7 Patterns to Refactor JavaScript Applications: Query Objects

Note: This is part four (prev/next) of a seven part series that starts here.

Database queries, even simple ones, can be both repetitive and hard to comprehend. With more complex queries, especially ones that embed data from multiple collections or tables, this process can become downright unintelligible.

Query objects provide a nice tool for extracting database query logic and associated operations into a contained module, pulling the logic out into a more maintainable and readable structure, while also providing a very readable API where the query object is used.


Let’s imagine the operations around creating a student record from a form. The developer could use a Form Object for validation and feedback, and a Service Object for persistence. The Service Object, which could be called CreateStudent, would persist the data to the database. Without using a Query Object, the method for saving the user to the database could look like this:

var MongoClient = require('mongodb').MongoClient

var createStudentQuery = function(student, callback) {
  MongoClient.connect('mongodb://', function(err, db) {
    if (err) throw err;

    var collection = db.collection('students');
    collection.insert(student, function(err, docs) {

      collection.find().toArray(function(err, result) {

Not only are we entering into some deep layers of callback hell, we’ve also written some code that is very difficult to read.

We can create a much more expressive module if we use a Query Object:

var _ = require('underscore')
var async = require('async')
var MongoClient = require('mongodb').MongoClient

var CreateStudentQuery = function(student) {
  this.student = student

CreateStudentQuery.prototype = _.extend(CreateStudentQuery, {

  run: function(callback) {
      _.bind(this.connectToDatabase, this),
      _.bind(this.getStudentsCollection, this),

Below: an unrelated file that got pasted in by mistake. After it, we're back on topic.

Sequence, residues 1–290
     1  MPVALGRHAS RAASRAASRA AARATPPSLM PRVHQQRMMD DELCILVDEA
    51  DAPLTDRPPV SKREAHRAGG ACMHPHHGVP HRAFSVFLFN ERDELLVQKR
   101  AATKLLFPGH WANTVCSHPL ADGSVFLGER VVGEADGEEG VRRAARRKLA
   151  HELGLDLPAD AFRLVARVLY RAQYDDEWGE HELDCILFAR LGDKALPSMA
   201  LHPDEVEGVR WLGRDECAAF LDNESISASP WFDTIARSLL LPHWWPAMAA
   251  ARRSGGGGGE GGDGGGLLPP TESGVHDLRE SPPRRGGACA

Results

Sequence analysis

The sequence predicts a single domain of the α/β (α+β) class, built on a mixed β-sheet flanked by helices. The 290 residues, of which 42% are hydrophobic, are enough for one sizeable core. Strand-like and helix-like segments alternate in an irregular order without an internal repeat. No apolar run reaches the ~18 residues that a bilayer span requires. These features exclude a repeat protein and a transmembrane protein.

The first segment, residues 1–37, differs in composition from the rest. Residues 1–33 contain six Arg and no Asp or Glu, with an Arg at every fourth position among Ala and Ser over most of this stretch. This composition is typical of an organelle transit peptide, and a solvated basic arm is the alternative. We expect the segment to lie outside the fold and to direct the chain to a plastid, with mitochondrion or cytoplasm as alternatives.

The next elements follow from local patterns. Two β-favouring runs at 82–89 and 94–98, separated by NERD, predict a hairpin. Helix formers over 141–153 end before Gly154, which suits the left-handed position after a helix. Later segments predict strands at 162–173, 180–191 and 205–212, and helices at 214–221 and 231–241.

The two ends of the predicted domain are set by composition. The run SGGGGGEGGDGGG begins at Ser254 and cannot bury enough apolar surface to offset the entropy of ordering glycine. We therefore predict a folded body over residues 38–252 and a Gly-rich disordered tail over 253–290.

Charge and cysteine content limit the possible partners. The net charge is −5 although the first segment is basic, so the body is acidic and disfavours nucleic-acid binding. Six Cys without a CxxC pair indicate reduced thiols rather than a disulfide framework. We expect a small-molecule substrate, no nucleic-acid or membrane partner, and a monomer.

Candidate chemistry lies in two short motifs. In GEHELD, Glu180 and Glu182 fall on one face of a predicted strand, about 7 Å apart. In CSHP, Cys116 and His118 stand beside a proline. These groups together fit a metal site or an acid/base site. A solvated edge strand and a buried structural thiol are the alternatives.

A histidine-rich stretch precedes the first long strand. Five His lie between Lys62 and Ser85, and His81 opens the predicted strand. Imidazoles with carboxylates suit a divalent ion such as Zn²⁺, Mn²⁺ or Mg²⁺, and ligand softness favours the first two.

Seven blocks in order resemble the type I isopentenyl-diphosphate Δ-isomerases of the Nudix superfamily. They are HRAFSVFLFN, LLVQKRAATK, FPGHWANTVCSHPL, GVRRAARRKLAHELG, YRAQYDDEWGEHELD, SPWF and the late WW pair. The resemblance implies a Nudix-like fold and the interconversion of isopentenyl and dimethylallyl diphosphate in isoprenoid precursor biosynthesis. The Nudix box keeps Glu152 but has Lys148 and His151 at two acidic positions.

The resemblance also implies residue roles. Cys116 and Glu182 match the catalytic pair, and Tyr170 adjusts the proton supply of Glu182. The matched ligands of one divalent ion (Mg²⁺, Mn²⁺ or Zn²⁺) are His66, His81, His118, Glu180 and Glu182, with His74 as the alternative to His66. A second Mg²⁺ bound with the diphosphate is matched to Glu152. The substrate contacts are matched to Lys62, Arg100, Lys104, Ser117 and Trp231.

_.bind(this.insertStudent, this),
      _.bind(this.closeConnection, this)
    ], callback)

  connectToDatabase: function(callback) {
    MongoClient.connect(CreateStudentQuery.DATABASE_URL, callback)

  getStudentsCollection: function(db, callback) {
    this.db = db
    callback(null, db.collection(CreateStudentQuery.COLLECTION_NAME))

  insertStudent: function(collection, callback) {
    collection.insert(this.student, callback)

  closeConnection: function(result, callback) {
    callback(null, result)


CreateStudentQuery.DATABASE_URL = 'mongodb://'
CreateStudentQuery.COLLECTION_NAME = 'students'

Encapsulating all associated operations for this query feels more organized and gives you an expressive API to integrate into your application.

This could be the Service Object for creating a user:

var CreateStudent = function(student) {
  this.student = student

CreateStudent.prototype = _.extend(CreateStudent.prototype, {
  run: function() {

  persist: function() {
    return new CreateStudentQuery(this.student).run()




Constructing Query Objects outside of the context in which they are used makes testing supremely simple. If you’re using a testing database, just run the Query Object and make sure the results are accurate!

var expect = require('chai').expect;
var CreateStudentQuery = require('./createStudentQuery');

describe('CreateStudentQuery', function(){

    this.student = {
      first_name: 'John',
      last_name: 'Smith',
      gender: 'M'

    var callback = _.bind(function(err, result) {
      this.err = err
      this.result = result
    }, this)

    // set the collection being affected as a test table
    // or set the DATABASE_URL to a test database instead.
    CreateStudentQuery.COLLECTION_NAME = 'students_test'

    new CreateStudentQuery(this.student).run(callback)

  // perform checks to make sure that the returned object is 
  // has the same values as the original object but also
  // has new database values (such as _id in Mongo)
  it('returns a new student database object', function(){



A Query Object can be a great way to make your code base more readable and testable, even if the query is only one or two lines long. Remember that code is usually written once but read many times, so any effort towards making your code more readable is a worthwhile pursuit.

In the next post, we’ll take a look at View Objects, which are great tools for isolating view-specific model transformations.

The post was originally written for the Crush & Lovely Blog in 2012 and has been lovingly brought up-to-date for Engine Yard by Michael Phillips, the original author. Special thanks to Justin Reidy and Anisha Vasandani for help with the original.

About Michael Phillips

Michael was born in Portland, Oregon but spent a decade living and working in New York City. With experience working on product teams as well as with consulting companies, he has worked on web and mobile applications ranging from greenfield startups to large corporations. He is most interested in client-side JavaScript application development, but also loves learning about engineering leadership, programming culture and best practices, and client relationship management. Michael lives in Denver, Colorado with his wife Alison and currently works for Quick Left.